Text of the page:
This makes the Democrats’ vote share roughly the same as suggested by the historical trend, Fair concluded.
But inflation compounds the obstacles for a president who has tried to convey optimism as he tours the country in the run-up to the elections. Research in social psychology and behavioral economics generally shows that people often focus on the negatives and can block out the positives.
“People pay more attention to bad news than to good news and are more likely to retain and recall bad news,” said Matthew Incantalupo, a political scientist at Yeshiva University.
Incantalupo’s research looks at how voters absorb economic news. When unemployment is low, as it is now, he said, voters generally think about jobs as a personal issue – rather than a systemic one involving government policies. But most think about inflation as a social problem beyond any person’s control, unless that individual happens to run the Fed.
“When it is high, everyone experiences it at least a little bit, and there really is no individual way to avoid it,” Incantalupo said. “Voters are going to look to government for remedies under those circumstances, and in many cases that will result in them punishing incumbents, even in the presence of other positive news about the economy.”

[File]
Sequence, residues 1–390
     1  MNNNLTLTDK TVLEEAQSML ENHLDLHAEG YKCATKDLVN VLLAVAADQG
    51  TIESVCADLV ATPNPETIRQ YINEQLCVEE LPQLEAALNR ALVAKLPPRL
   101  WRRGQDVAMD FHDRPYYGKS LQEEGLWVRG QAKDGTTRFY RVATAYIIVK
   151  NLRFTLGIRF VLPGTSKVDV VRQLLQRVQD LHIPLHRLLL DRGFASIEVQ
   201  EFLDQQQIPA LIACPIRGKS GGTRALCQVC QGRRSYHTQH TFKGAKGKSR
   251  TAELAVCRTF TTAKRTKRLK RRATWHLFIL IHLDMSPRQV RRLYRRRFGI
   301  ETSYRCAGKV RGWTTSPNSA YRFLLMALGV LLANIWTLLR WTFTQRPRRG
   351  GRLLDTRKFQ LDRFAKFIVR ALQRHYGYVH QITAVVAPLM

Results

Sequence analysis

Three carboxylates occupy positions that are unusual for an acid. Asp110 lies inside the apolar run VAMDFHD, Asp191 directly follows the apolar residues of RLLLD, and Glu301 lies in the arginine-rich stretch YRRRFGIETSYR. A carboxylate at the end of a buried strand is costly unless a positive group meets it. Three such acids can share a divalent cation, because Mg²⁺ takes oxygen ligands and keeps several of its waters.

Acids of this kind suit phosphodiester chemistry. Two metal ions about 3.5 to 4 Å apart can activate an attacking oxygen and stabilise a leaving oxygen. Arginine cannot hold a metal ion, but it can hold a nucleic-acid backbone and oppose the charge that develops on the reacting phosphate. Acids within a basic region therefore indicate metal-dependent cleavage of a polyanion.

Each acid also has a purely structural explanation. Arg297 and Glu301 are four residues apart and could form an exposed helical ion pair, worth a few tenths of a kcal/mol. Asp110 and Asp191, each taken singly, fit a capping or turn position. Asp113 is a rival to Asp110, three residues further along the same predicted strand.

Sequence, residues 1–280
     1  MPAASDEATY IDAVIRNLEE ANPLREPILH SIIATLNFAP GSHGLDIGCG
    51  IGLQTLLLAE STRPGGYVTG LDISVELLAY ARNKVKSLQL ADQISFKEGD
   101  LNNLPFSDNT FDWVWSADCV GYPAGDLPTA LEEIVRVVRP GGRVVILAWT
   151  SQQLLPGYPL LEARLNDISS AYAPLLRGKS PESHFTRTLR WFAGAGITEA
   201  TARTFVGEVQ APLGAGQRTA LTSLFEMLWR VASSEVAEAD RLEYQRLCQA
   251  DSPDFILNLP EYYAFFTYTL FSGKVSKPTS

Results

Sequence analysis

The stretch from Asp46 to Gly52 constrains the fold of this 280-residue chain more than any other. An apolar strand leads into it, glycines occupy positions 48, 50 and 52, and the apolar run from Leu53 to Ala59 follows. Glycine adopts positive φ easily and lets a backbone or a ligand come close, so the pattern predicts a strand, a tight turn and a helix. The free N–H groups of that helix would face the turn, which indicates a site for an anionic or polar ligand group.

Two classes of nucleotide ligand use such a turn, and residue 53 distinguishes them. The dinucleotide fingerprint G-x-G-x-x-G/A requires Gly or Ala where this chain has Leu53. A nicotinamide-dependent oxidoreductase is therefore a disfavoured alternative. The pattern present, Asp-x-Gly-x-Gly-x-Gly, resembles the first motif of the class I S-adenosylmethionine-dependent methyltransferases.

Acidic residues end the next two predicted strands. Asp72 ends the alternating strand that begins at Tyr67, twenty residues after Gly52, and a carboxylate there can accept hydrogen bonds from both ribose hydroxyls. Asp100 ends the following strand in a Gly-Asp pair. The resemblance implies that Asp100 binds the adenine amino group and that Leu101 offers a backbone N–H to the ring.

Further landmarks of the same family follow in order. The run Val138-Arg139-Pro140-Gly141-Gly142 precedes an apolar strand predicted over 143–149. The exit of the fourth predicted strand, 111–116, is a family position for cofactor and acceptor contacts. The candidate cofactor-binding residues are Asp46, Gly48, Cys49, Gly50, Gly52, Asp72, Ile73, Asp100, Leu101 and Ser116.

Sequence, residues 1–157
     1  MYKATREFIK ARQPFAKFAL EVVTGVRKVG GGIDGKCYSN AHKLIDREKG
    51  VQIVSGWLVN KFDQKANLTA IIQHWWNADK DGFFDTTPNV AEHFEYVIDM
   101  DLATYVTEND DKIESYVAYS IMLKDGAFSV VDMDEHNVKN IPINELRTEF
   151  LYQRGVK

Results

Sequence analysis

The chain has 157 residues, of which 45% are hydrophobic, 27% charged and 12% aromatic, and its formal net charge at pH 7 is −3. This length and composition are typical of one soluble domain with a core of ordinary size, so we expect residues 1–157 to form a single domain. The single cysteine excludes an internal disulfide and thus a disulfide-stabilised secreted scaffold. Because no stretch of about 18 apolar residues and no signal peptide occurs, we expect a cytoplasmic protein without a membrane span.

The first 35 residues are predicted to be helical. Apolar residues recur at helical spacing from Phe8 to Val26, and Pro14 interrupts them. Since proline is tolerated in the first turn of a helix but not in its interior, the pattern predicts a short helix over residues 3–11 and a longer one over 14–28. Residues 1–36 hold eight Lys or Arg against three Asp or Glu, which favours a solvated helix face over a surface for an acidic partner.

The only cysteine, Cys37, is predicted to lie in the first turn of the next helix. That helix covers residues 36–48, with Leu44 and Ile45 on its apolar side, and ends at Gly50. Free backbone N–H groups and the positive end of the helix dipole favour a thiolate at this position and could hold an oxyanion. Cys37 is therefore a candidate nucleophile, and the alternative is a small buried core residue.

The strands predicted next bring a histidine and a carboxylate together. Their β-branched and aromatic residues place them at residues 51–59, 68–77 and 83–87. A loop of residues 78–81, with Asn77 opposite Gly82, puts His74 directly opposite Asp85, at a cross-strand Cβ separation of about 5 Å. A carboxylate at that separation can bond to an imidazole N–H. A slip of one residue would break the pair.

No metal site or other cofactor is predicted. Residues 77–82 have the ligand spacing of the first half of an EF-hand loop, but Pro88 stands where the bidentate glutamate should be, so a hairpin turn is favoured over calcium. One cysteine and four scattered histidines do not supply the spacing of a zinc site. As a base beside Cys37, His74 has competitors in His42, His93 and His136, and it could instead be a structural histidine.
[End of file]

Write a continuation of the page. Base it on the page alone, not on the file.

Republican candidates have specifically said Biden’s $1.9 trillion coronavirus relief package last year overheated the economy, causing prices to rise alongside the job gains that they claim would have happened anyway as the pandemic receded. They have also said that Biden should have loosened restrictions on oil production, in order to increase domestic output and lower gasoline prices.
House Republican leader Kevin McCarthy – who could become speaker if the GOP wins a House majority – has hammered Biden on high prices. As Biden has warned that Republicans who deny the outcome of the 2020 election are a threat to democracy, the California congressman countered that what voters care about are the costs of gas and groceries.
“President Biden is trying to divide and deflect at a time when America needs to unite – because he can’t talk about his policies that have driven up the cost of living,” McCarthy tweeted this past week. “The American people aren’t buying it.”
Still, inflation is not solely a domestic issue. After Russia invaded Ukraine, energy and food costs rose and suddenly flipped the global dynamics as inflation rose faster in parts of the world with less aggressive coronavirus relief than the U.S. Annual inflation in the euro zone is a record 10.7%, much higher than the 8.2% in the U.S.
Meanwhile, growth has slowed in China, the pace of world trade is slipping and Saudi Arabia-led OPEC+ has cut oil production in order to prop up prices. And because the Fed is raising rates to lower domestic inflation, the dollar has increased in value and essentially exported higher prices to the rest of the world.
This has left U.S. voters in the curious position of not necessarily blaming the president for inflation, even as they disapprove of his economic leadership.
An October poll by AP-NORC Center for Public Affairs captured this split. More than half of voters say that prices are higher because of factors beyond Biden’s control. But just 36% approve of his economic leadership.